According to the Inter-governmental Panel on Climate Change (IPCC) report released on Monday, the average global temperatures would rise by more than two degree Celsius by 2100 compared to pre-industrial times unless “deep reductions” in greenhouse gas emissions are initiated immediately.
The IPCC released the first part of its Sixth Assessment Report (AR6), its latest evaluation of the state of earth’s climate, the changes happening therein, and the impacts these are having on the planet, and life forms. The voluminous assessment reports are the most widely-accepted scientific opinion on the status of earth’s climate. The report, which calls climate change clearly human-caused and unequivocal, makes more precise and warmer forecasts for the 21st century than it did last time it was issued in 2013. The AR6 says that observed changes in earth’s climate, induced by global warming were unprecedented in thousands, and in some cases hundreds of thousands of years. Each of five scenarios for the future, based on how much carbon emissions are cut, passes the more stringent of two thresholds set in the 2015 Paris climate agreement. World leaders agreed then to try to limit warming to 1.5 degrees Celsius (2.7 degrees Fahrenheit) since the late 19th century because problems mount quickly after that.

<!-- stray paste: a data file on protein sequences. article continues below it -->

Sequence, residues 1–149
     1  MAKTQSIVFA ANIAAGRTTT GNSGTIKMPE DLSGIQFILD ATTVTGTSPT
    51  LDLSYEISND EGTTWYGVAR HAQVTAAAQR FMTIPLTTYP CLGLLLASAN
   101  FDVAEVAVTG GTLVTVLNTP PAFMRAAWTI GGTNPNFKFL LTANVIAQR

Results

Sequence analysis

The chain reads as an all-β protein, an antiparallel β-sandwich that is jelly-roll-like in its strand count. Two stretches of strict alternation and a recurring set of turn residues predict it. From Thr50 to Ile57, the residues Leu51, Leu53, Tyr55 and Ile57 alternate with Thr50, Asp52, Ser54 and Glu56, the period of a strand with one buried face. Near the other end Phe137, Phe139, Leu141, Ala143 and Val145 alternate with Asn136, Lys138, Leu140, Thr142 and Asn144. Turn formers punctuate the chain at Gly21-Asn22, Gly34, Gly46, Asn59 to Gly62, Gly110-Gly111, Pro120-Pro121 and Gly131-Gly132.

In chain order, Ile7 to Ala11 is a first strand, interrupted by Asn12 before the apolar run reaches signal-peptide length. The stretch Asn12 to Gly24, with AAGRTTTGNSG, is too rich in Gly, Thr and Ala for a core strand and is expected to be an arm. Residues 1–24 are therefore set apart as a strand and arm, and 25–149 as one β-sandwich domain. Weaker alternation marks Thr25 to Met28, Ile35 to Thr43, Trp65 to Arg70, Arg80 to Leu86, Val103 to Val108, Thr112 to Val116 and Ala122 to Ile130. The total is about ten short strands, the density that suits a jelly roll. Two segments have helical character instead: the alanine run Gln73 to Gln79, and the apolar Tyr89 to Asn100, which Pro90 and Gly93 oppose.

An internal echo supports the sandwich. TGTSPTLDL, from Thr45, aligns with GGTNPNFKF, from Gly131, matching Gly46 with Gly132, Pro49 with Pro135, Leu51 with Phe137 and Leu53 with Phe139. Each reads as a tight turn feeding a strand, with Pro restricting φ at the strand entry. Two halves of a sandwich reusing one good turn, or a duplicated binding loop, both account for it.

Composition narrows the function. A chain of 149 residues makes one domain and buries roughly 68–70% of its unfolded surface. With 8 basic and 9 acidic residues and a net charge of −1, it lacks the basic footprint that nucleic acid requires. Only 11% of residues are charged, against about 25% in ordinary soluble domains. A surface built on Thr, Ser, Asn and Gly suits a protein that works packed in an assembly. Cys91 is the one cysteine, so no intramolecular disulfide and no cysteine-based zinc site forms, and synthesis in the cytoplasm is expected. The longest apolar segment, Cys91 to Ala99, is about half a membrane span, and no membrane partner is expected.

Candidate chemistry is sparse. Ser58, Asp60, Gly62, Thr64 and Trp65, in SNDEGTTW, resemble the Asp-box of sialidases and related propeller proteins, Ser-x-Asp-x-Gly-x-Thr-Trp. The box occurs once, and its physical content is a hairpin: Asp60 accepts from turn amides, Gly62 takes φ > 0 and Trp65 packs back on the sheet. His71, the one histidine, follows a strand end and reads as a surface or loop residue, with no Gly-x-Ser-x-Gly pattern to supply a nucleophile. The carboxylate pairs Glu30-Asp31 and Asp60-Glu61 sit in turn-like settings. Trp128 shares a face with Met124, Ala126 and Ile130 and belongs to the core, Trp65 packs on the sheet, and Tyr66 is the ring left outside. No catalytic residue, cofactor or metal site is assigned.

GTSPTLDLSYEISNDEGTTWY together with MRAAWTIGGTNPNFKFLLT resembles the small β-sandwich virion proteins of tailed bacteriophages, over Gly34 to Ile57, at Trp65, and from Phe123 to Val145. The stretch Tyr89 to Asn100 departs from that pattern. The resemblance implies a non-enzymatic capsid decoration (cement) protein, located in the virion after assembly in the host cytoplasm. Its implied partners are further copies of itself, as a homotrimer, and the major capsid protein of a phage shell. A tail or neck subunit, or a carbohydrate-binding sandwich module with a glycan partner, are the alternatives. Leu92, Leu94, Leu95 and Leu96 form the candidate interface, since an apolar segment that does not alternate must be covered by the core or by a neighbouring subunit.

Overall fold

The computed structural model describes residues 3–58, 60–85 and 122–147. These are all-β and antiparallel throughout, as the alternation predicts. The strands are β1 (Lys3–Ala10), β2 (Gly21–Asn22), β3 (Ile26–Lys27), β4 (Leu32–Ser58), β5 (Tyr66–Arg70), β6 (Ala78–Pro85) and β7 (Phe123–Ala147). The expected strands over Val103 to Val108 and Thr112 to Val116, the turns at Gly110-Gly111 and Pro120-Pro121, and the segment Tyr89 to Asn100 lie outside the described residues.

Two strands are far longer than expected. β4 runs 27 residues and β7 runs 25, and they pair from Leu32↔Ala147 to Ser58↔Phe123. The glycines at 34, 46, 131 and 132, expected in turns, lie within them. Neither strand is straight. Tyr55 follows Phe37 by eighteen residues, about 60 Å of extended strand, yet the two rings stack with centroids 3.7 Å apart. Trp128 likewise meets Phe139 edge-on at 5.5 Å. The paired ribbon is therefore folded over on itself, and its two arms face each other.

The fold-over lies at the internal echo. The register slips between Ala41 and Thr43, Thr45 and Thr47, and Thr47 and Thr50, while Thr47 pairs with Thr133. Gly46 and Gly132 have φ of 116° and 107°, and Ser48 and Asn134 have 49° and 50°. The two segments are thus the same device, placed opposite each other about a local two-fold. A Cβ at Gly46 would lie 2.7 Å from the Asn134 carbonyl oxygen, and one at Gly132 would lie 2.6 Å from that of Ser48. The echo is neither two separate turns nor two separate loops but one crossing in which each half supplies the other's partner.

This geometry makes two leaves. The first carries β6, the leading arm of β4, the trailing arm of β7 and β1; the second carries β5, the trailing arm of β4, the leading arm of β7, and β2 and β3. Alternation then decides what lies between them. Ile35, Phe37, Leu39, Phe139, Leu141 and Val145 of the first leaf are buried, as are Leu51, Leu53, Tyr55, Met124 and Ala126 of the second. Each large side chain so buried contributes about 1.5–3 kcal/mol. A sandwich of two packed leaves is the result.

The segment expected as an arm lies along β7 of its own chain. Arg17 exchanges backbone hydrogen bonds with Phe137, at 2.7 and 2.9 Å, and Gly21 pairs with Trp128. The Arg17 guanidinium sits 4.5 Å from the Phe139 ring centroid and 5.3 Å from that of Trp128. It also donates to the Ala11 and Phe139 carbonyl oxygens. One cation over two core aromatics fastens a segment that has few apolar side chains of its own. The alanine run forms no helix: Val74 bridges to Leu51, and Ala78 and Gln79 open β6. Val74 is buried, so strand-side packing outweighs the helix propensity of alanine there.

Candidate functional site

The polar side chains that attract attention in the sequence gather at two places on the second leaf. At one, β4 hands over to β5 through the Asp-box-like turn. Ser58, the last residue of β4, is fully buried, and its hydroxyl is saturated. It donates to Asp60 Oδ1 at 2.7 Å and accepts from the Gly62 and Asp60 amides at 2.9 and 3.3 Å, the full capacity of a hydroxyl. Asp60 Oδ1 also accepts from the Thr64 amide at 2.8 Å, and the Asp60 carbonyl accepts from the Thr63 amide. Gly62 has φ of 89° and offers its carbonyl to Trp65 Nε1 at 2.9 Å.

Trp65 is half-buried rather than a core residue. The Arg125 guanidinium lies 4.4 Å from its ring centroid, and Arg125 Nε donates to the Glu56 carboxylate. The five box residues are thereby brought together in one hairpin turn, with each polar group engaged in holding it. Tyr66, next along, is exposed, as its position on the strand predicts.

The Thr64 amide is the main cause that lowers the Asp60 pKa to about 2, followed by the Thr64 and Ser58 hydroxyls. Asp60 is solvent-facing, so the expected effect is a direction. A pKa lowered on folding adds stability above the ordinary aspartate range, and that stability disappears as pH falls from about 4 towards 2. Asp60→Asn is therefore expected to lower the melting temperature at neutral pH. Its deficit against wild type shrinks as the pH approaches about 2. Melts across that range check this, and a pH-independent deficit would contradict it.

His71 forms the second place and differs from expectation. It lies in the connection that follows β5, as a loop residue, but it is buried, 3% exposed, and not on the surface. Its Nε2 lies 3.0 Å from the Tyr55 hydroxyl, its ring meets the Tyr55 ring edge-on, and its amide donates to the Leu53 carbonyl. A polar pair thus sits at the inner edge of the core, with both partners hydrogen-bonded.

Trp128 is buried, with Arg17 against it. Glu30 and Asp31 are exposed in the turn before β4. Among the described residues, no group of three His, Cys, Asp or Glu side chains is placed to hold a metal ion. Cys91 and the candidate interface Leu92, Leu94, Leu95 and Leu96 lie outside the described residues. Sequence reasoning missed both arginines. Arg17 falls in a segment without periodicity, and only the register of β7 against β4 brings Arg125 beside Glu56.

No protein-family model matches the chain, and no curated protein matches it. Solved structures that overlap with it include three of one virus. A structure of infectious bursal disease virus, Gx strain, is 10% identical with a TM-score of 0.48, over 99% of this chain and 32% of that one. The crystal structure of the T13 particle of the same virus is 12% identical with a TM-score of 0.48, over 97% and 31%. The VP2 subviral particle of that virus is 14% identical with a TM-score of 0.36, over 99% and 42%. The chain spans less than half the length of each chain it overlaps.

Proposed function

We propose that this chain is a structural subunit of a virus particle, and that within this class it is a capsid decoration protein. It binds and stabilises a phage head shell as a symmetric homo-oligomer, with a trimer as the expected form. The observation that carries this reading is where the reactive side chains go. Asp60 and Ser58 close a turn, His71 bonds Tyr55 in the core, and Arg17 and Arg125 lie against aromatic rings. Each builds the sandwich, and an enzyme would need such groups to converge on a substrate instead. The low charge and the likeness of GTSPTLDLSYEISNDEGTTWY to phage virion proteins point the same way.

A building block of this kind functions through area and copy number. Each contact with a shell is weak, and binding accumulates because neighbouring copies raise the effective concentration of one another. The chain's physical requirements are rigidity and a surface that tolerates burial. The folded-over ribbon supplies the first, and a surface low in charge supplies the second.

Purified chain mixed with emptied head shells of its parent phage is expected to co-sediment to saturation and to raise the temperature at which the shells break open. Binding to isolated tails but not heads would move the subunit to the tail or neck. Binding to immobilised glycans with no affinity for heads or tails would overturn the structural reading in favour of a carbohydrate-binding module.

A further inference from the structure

The IPCC, which was set up in 1988 by the World Meteorological Organisation (WMO) and UN Environment Programme (UNEP), does not produce any new science itself. Instead, it assembles scientists from all over the world to review all the relevant scientific literature on climate change, and arrive at general conclusions about the trends being observed.